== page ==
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Threading tool

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  • Threading tool

    I am looking to upgrade my threading tool. right now I use a 60 deg standard brazed carbide bit or a hand ground HSS bit in an aloris style holder. I was thinking of maybe one of the inserted type holders or maybe an Aloris type insert threading holder.

    What do you folks use for external threads & why?


  • #2
    Most of the time I use a "top-notch" type insert tool for threading. You can check the net to see the configurations. The reason I use it is for economy and laziness. The inserts are common and can be found on eBay cheap - economy. They are easy and quick to set up since inserts are already ground to do threading - laziness.

    When I'm not feeling lazy I usually get a better finish if I just grind my own HSS cutter. Since manual threading is usually more comfortable at slower RPM's, the HSS performs better in that range. The geometry of insert threading tools is set up for high rpm CNC applications and leaves a little rougher finish than one tailor-made for the job, but I find it acceptable for most work (still better than a die).



    • #3
      At the speeds mostly used for "manual" threading HSS might be your best bet. I use an Aloris threading holder with the HSS "blade". The hard part is already made (the 60*), all you have to do is grind the top side, and it can be resharpened many times.


      • #4
        Get the book, Screwcutting in the lathe. If you make the grinding jig for shaping the tool bit, plus the tool holder, threading is just another turning job. The book is written by Martin Cleeve.


        • #5
          In years past I have used those preformed bits like Big dipper mentioned but they were on an Armstrong type holder. They are so 20th century..LOL

          Lazy is me Vinito, especially today!

          I was looking at the Aloris #8 threading tool holder & preformed cutters this morning. Looks like that is the way I am gonna go.

          I will also look into the book R Johnson mentions. I like to read.
          Maybe there is hope for me yet. You gents may turn this old welder into a machinist yet! Thank you for the help


          • #6
            What about HSS true form tools. I've got a batch of them for pennies. For inside threads they are like boring bars and outside are like an exentric with a 5/156 mounting hole. Never use something else since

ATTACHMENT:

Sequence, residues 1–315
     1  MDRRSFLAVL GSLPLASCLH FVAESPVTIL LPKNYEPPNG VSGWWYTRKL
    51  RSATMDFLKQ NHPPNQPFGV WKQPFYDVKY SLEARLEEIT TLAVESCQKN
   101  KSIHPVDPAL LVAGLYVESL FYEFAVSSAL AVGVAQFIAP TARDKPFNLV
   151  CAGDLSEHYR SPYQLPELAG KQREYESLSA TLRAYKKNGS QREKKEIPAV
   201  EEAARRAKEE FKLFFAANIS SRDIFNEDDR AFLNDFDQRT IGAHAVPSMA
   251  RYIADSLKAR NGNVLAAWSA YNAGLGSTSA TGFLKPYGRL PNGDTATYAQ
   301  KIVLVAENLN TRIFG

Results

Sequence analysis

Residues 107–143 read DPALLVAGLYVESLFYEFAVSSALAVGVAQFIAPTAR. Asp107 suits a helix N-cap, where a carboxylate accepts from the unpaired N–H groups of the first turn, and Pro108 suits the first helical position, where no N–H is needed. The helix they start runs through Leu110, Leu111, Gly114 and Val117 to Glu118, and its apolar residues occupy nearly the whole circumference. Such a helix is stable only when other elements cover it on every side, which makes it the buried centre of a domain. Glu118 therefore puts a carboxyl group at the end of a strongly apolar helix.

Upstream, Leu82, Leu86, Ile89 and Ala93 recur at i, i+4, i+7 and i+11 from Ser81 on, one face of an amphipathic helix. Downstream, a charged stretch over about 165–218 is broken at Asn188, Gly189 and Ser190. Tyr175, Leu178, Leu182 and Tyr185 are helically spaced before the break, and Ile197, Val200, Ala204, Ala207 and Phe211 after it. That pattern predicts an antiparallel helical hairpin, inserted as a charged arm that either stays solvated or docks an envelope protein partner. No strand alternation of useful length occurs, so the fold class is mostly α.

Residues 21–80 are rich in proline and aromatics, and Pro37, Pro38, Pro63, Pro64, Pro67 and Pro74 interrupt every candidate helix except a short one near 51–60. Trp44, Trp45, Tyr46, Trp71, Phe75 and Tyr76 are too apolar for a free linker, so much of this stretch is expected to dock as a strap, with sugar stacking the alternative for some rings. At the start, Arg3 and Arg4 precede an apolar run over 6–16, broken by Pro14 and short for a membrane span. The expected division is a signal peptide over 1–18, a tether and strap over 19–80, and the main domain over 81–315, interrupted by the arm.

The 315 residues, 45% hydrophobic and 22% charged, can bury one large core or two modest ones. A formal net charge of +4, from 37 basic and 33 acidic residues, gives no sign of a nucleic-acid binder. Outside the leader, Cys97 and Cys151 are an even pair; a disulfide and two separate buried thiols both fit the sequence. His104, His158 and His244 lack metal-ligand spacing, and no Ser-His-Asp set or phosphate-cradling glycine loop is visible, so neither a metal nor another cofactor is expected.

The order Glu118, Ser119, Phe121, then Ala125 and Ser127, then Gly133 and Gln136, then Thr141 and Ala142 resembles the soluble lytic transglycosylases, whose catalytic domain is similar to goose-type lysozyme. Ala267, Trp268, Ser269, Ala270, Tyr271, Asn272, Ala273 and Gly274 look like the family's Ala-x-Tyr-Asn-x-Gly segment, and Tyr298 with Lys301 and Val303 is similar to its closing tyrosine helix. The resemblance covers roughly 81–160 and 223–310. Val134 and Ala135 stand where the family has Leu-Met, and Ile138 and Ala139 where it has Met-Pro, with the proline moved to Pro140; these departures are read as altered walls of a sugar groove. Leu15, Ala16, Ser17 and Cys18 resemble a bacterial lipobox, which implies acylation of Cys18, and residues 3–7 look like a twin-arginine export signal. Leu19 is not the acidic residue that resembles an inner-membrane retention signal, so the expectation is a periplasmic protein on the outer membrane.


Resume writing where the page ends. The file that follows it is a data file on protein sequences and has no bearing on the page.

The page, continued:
• #7
              A friend gave me a top notch holder for OD threading and some old inserts that kennametal no longer listed. These inserts didn't give a very good finish at slow speeds. I called kennametal to see what they recommended and tried an insert with the number NT2RK grade KU25T. This gave nice looking threads even at the slower speeds.

              I've tried making a threading tool from HSS but came to the conclusion that without some kind of fixture to keep the angles correct I wasn't going to make a good tool.

              Just my experience, your mileage may vary.



              • #8
                ACF: With the grinding jig Cleeve discribes, you can grind the tool first time, every time. His book is the best I've seen on thread cutting, and the jig, and tool holder are easy to make. The tool bit comes out razor sharp, with all angle's correct. With his jig, and tool holder, set-up is a snap.


                • #9
                  I started cutting external threads with the same top notch inserts already mentioned. They don't give a very smooth finish on CR steel, but have done better on several different SS alloys I've used - including rifle barrels made with 416R. For internal threading, I got a Carmex 3/4" bar for laydown inserts, and have had mixed results with a couple of grades of AG60 inserts - running slow, threading to an inside shoulder in CRS, the thread's finish looked pretty ragged; doing the same job in a rifle receiver at the same speed, the threads had a better appearance. It'll take quite a bit more practice before I gain enough skill & confidence to run at high enough speeds while truing receiver threads to make much difference with carbide inserts, but so far, the threads I've chased/trued have been a good, smooth fit with barrels threaded with the top-notch inserts.

                  It sounds like reading Cleeve's book would be a good step though.


                  • #10
                    I orderd Cleeves book from Blue Ridge Machine. They are the first US outlet I found that seemed to stock it. Hopefully it will be here in a few days. I have recently purchased two other Workshop Series books, Laws Gear cutting & one on Dividing. Both were helpful. I hope the thread cutting book is of the same caliber.


                    • #11
                      Also the book is available on for $9-10 (new).


                      • #12
                        For most manual lathes the sppeds required for carbide IMO can't be safely reached in most cases. An exception would be a lathe with an automatic kick out system that disengages the leadscrew while the spindle is still running. The type of system used by the Hardinge HLV for example. But for the normal manual lathe where one has to open the half nut HSS is the why to go. But I don't hand grind threading tools anymore. I cheat and use a surface grinder (or did when I was working, I'll eventually have to get one for the home shop, now I just have one of the guys grind one for coffe money during his lunch) with a jig like this

                        Between the three shown and an additional acme block I know the angles and clearances will be right. Which is a good thing with my eyes
                        Forty plus years and I still have ten toes, ten fingers and both eyes. I must be doing something right.